Ontario Construction News staff writer
There could be a reversal in the construction labour shortage story, with an oversupply of apprentices in certain key trades in Ontario within the next decade, according to a report by the Canadian Apprenticeship Foundation.
The report: Apprentice Demand for in the Top Ten Red Seal Trades: A 2019 National Labour Market Information Report indicates that there will be surplus journeymen in the plumbing, electrical and carpentry trades, as the overall construction market growth rate slows, while apprenticeship program intake increases.
“The most important change in the demand for skilled trades is the slowing pace of construction employment,” the report says. “The 2019-2028 BuildForce Canada Construction and Maintenance Outlook suggests that ‘construction activity is expected to plateau after 2020 following two decades of almost uninterrupted growth.’”
Nevertheless, the report says that while there has been a significant increase in new apprentice registrations since 2017, this may not help solve labour shortages, because of current record-low unemployment levels.
Some trades still won’t likely have enough apprentices including steamfitters/pipe-fitters (slightly lower than required), while there are expected to be significant shortfalls among welders, millwrights and heavy-duty equipment technicians.
The reports says that, while the trend towards infrastructure renewal and expansion “is expected to sustain construction sector employment at historical high levels, it is likely that the pace of hiring will slow compared to the rapid expansion experienced over much of the last decade.”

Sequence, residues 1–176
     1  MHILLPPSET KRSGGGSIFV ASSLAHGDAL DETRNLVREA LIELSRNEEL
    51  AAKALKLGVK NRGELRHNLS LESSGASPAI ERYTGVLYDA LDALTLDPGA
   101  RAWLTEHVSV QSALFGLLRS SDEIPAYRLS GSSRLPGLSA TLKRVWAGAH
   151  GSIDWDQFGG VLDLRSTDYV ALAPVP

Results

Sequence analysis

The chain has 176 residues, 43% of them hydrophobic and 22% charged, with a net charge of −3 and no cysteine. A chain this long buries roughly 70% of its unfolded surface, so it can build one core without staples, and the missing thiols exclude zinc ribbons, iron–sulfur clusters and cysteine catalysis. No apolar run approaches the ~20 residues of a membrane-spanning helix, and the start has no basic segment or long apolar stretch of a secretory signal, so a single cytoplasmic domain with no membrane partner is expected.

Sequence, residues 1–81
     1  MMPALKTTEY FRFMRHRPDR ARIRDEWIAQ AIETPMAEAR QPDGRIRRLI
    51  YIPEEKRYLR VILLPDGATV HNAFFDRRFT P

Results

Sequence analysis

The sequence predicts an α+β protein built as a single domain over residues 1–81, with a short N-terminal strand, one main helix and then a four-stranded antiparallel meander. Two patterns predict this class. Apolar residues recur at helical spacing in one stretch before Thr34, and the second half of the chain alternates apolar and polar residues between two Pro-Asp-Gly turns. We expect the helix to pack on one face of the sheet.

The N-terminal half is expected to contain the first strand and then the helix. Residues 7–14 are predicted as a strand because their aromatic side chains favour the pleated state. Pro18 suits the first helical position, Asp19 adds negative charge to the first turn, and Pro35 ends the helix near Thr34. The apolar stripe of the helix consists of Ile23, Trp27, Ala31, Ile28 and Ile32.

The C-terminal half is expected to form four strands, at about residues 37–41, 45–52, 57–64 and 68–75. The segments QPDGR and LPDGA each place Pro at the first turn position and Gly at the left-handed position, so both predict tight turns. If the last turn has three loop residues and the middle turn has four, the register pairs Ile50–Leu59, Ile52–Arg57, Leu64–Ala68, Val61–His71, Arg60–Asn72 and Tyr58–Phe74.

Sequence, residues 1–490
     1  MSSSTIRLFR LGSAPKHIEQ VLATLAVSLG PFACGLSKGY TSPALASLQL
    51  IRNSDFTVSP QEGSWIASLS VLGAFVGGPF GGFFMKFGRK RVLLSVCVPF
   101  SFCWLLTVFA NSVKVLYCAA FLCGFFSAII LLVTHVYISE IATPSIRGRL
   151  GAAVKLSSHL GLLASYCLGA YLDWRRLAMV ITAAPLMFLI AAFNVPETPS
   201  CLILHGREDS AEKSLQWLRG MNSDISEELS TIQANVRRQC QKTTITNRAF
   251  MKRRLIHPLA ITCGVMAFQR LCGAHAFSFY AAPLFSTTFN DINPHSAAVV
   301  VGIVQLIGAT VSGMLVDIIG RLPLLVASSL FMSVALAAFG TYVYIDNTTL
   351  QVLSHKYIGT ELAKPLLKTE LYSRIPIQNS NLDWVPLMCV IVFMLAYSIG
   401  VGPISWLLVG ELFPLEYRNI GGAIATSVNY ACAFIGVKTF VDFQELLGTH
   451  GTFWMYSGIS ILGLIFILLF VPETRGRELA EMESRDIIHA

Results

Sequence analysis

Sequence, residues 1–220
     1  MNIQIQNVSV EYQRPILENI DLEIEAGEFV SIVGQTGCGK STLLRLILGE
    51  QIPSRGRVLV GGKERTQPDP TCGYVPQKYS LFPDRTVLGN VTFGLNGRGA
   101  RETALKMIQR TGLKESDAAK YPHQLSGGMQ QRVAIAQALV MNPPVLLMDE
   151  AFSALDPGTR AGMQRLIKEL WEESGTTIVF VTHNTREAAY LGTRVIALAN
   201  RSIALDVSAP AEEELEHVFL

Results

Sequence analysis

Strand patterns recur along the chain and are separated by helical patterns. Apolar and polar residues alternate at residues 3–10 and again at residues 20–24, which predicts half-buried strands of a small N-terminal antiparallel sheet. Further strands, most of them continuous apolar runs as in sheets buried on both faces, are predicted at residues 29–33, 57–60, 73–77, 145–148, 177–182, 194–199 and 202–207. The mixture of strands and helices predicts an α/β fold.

The problem is especially significant in Ontario as well as British Columbia, the reports says. “These provinces will continue to grapple with record levels of construction project activity and recruiting challenges over the next few years. Growth will then decline as projects wind down and investment decreases.”
Nationally, there has been a significant decline in apprenticeship registrations following the last recession, but these are mostly related to the declines in the energy sectors in Alberta and Newfoundland.
However, Ontario has seen a recent increase in the number of apprentices, and most significantly, in completions to journeyperson status.
The report indicates that the average apprenticeship age is increasing, with a decline of registrants under 20 years old to 25 per cent in 2017 from 33 per cent in 2013. Conversely, the number of apprentices has increased in the ages between 25 and 29. The change suggests that more people are considering the trades after completing other forms of secondary education, or choosing apprenticeship trades as a second career.
The report suggests that in Ontario, there will be a need for 24,280 certifications between 2019 and 2023, requiring 46,413 apprenticeship registrations. (Overall, though it varies depending on the specific trade and overall economic conditions, about 50 per cent of new apprentices complete the program to achieve certification – which takes upwards of four to five years.)
Among trades (nationally) the report suggests there will be 8,872 projected apprenticeship completions for plumbers, against only 4,296 certificates required. For construction electricians, the numbers are 24,831 projected completions against 13,279 certificates required.
Other trades are more balanced, including carpenters with 7,477 projected completions (with 7,466 certifications required) and steamfitter/pipefitter with 2,960 projected completions against 2,718 certifications required.